How much wood would a woodchuck chuck if a woodchuck could chuck wood?
The Algonquian word for a groundhog is wuchak, or wejak or otchock, depending on the source. European trappers and frontiersmen adapted this word into the now familiar 'woodchuck' as early as the 1600's. Some other monikers for these common burrowing mammals included 'land beaver' and 'whistle pig', the latter due to their characteristic alarm call. But the name that has become most prevalent is 'groundhog' which incidentally is what the Dutch christened another commonplace animal they found in southern Africa. In Dutch, aardvark means earth pig, which can be easily translated as groundhog.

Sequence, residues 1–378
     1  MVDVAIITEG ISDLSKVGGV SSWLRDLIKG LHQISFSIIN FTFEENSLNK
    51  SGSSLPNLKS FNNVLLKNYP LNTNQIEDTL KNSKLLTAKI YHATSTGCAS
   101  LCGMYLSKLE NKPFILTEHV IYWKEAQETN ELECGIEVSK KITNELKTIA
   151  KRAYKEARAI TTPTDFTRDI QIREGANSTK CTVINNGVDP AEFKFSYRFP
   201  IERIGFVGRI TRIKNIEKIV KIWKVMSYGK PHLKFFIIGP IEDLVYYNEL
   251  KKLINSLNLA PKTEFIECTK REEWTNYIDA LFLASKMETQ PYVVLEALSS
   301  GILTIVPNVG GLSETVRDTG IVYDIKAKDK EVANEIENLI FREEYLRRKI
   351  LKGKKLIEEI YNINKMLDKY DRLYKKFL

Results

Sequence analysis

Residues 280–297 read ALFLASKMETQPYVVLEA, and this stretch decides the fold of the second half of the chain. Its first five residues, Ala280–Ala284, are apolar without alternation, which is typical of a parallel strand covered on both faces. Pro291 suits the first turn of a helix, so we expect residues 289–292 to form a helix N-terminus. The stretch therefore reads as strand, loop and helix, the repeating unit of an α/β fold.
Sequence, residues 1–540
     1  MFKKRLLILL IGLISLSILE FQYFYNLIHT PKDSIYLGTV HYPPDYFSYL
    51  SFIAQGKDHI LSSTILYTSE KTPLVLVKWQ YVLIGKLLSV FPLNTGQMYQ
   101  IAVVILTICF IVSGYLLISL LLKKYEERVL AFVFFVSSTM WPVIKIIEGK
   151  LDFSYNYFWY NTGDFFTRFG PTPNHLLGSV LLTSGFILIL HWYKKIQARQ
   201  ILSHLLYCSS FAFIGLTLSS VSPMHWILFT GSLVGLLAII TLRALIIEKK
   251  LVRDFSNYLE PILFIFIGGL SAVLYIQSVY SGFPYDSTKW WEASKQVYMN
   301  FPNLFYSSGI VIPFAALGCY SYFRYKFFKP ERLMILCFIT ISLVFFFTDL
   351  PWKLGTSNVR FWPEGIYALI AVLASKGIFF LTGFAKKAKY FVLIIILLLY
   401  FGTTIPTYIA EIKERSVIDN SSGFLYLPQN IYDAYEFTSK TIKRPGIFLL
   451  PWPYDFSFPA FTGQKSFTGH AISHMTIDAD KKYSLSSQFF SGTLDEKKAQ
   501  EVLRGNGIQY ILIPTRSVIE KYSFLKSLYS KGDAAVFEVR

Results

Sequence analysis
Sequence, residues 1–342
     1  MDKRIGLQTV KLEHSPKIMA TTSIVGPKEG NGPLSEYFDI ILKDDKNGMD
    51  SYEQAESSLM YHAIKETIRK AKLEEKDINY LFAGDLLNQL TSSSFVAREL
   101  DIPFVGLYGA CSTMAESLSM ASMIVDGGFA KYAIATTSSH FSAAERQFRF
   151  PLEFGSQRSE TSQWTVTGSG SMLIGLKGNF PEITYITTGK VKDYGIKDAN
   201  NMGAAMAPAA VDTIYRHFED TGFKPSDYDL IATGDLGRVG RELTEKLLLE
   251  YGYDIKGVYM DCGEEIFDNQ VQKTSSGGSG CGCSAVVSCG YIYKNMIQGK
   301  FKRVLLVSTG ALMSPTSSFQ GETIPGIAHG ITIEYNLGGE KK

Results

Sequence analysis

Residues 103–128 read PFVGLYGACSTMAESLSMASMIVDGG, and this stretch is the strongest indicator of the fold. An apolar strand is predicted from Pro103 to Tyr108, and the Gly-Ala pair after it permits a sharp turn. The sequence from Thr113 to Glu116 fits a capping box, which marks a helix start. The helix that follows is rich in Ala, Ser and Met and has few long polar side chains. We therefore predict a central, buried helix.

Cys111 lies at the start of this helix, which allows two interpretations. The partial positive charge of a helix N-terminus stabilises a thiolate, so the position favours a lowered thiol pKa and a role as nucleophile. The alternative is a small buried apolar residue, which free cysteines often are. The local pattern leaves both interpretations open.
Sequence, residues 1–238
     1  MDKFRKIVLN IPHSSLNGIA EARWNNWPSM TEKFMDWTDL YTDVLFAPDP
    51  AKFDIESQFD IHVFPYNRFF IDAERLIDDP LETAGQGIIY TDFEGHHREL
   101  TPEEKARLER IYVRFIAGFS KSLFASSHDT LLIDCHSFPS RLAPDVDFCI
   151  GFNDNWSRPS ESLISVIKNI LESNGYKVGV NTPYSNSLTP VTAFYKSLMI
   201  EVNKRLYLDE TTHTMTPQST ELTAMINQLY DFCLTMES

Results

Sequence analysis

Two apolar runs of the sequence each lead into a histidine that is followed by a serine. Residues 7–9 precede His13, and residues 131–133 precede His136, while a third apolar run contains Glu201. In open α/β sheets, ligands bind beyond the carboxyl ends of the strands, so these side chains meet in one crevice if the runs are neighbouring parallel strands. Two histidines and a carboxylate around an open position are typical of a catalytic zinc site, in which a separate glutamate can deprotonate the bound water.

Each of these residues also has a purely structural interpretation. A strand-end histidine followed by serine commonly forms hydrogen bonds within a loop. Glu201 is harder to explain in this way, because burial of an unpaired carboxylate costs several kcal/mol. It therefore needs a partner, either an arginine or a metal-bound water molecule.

But here in the US, we don't celebrate Aardvark's Day, or Whistle Pig's Day! Groundhog's Day got its start in 18th century Pennsylvania by German immigrants. It is essentially weather divination - if the day is sunny, an emerging groundhog will see its shadow and scurry back into its burrow, signifying 6 more weeks of cold winter. However, if the day is cloudy and the groundhog emerges completely, spring will soon be here.